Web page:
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erred disastrously in general policy. It is said, next, that the Board schools have been unfairly placed in dangerous proximity to schools already existing, with the effect; perhaps with the intention, of draining them.

Now, of these two accusations, the former, being general, is the only one really serious. In respect of the latter, we have no doubt that mistakes have been made; it would be very strange if they had not. Some of these seem to have been due to an unfortunate step, taken in 1871, in deference to popular clamour at the delay of getting in statistics, on the proposition of Lord Sandon. It was thought not difficult to put the finger at once on ten spots, in which schools were certainly required, and to commence these without waiting for the figures. But the stern genius of statistics was avenged; and we believe that almost all of these sites proved to be questionable. In other cases the necessary but artificial process of dividing London into blocks, which were defined as much as possible by the boundaries of the chief thoroughfares (often almost as impassable as rivers by young children), may have caused some errors in the position of schools. But, without attempting to examine all the details, we find two considerations tolerably obvious.

The first is that sites in London cannot be always obtained, at least without the tedious and costly process of scheduling, in precisely the position which might be abstractedly most desirable ; and that mere proximity to existing schools in itself proves nothing, because there are many places so densely populated that schools may be within one hundred yards of each other, and yet not be in excess of the requirements of

Thus, for example, there is, we see, one case (in Lisson Grove) where, in a district 500 yards by 1,200 (about one-fifth of a square mile), there is actually a school population of 6,261, and voluntary schools can take only 2,189, leaving 4,072 to the charge of the Board. If it provide for only half of these, and build two schools for 1,000 each, it is clear that it will be far below the necessities of the case; and yet its schools must be quite close to those which previously existed. This is probably a peculiar case: but there must be many others of the same kind. What we should think a more real source of danger to existing schools is the risk of being undersold, wherever the Board school-fees are much lower than

This again may be difficult to avoid : for, if the fees are put low, as they should be for very poor neighbourhoods, there is always a probability that some parents not living in that exact locality, and quite able to pay higher fees,

the case.

their own.

may nevertheless send their children there. But the School Board ought certainly to ascertain what is a fair charge, considering the circumstances of each neighbourhood, and to keep to this. Otherwise they may injure other schools, and certainly will not improve the independence of the people round.

But there is, as we have said, another consideration, which shows that the Board cannot have been actually in any very flagrant error. Lord Salisbury attacked it on this very point last Session, and choosing three sites out of those in the schedule which seemed to his advisers most objectionable, had them referred to a Select Committee. The evidence taken by that Committee is before the world, and very interesting it is; but the result was that in all the cases taken the decision of the Board was maintained; and we may remark that the majority in every instance contained such names as those of Lord Harrowby and Lord Eversley-men who are not likely to be revolutionary in their policy. If this be so, the mistakes, whatever they are, cannot be very startling or very oppressive in their effect.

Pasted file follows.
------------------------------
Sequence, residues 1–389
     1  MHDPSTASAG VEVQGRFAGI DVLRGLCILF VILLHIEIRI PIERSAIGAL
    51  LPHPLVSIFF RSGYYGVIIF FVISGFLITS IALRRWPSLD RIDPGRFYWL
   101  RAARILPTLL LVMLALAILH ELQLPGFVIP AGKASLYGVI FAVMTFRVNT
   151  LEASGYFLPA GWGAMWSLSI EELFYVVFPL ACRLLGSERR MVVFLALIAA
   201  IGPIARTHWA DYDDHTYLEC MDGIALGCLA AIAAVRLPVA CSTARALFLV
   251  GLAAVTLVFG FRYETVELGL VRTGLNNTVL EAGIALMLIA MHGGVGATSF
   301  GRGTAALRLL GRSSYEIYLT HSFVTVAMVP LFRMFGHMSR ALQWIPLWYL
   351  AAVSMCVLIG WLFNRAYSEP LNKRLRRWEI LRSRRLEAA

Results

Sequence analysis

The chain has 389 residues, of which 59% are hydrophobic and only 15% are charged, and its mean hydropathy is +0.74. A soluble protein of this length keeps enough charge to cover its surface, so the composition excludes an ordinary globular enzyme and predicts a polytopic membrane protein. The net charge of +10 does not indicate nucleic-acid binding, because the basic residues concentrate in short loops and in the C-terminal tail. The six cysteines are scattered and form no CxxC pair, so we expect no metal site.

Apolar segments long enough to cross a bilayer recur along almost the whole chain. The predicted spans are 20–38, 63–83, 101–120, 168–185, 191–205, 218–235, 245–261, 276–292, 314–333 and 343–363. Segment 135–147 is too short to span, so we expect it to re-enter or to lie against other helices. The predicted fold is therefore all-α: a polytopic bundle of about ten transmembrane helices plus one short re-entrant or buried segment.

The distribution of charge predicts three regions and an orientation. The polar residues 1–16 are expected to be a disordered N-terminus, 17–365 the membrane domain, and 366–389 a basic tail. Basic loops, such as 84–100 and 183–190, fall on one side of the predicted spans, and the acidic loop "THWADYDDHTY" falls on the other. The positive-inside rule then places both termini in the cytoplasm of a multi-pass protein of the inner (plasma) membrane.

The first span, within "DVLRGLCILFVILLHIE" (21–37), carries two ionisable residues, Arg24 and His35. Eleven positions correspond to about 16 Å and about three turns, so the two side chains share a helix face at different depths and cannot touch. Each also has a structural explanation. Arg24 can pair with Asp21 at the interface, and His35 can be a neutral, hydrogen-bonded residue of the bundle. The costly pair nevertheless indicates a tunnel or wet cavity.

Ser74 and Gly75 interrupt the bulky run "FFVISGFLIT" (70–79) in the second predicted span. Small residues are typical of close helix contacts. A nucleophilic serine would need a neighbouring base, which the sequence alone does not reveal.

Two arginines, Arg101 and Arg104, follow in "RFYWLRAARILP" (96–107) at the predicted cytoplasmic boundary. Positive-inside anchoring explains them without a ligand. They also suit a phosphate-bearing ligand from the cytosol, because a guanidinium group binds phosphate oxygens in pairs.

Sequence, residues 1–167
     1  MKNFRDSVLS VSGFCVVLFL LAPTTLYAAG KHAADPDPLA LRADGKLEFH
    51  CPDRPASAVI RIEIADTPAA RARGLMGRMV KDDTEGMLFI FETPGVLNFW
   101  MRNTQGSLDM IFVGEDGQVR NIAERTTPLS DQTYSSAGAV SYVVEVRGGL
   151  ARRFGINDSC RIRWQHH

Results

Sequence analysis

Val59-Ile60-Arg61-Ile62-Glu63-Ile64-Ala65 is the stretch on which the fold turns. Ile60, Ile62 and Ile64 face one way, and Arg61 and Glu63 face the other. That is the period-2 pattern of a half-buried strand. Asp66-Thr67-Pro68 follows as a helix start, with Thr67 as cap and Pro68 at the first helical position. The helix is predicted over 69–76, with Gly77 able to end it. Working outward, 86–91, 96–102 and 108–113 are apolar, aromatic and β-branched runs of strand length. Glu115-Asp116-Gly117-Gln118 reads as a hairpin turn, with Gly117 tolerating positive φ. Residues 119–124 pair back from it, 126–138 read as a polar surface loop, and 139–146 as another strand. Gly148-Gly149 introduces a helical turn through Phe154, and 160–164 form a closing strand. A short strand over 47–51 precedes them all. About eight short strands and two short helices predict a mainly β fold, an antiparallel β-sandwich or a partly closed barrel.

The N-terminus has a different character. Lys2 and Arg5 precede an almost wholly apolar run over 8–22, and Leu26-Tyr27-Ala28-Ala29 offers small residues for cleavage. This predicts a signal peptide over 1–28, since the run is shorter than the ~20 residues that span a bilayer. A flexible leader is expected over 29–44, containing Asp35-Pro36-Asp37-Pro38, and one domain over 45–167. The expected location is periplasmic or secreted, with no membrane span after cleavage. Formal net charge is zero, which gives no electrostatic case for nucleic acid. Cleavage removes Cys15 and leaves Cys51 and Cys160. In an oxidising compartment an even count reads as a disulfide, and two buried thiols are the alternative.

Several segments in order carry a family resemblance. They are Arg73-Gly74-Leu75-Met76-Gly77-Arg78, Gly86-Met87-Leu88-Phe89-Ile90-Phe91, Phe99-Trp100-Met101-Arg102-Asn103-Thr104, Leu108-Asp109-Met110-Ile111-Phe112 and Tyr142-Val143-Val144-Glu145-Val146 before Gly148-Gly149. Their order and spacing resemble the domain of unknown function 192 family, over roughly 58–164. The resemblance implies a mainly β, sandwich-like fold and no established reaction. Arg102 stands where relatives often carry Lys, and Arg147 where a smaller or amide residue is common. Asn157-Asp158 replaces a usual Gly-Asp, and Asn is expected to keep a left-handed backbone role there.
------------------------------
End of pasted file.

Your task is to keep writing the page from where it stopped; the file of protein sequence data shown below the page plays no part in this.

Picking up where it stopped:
But, after all, this is mere skirmishing; the real attack is on the calculation by the Board of the provision to be made.

If this is seriously wrong, injustice and waste must be committed wholesale. The blame, indeed, will have to be shared between the Board, which recommends, and the Education Department, which examines and orders. But this, again, is of minor consequence; the question is simply whether what has been done

Now it is difficult enough to disentangle truth at any time from the conflict of statements and counter-statements; it is a still more formidable thing to enter the bewildering maze of statistics, and hold fast the guiding clue. But let us examine the leading facts. The Board began by ascertaining the children of school age from the Census returns of 1870, and these returns it has corrected and recorrected by enumerators of its own. Probably they are now substantially accurate; and as it is possible to find out the whole accommodation in schools pronounced by the Government Inspectors to be efficient, it might seem easy enough to perform a simple subtraction sum. But unfortunately there are considerations relating to the schools themselves which trouble this simplicity. The first is that school accommodation may be unequally distributed, so that there may be a surplus in one quarter and a deficiency, which that surplus cannot relieve, in another. Thus we find the Bye-laws Committee stating that, of some 88,000 places vacant in voluntary

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schools, 40,000 belong to districts which are at present overschooled ; and these cannot well be taken into account. Then again, schools, even if efficient, may not be always 'suitable' to the locality in which they are placed, and, if fed at all, are fed from a distance. In many cases, for example, the fees are too high, and economical necessities forbid that they should be lowered. In London generally it is found that the provision of Infant Schools is far below that made for elder children ; and yet experience shows that it is almost impossible to erect Schools for Infants only with any chance of getting them filled.

It will be seen at once, in the light of these considerations, that statistics cannot be treated roughly in the gross, but must be examined carefully in detail.

But, after allowing for these things, we see that the main question at issue between the Board and its critics is one of principle. The Board has considered it right to provide for all the children, who, after making allowance for unavoidable causes of absence, ought to be at school. It is contended, on the other hand, that it should provide only for those who at present are likely to be actually persuaded or compelled to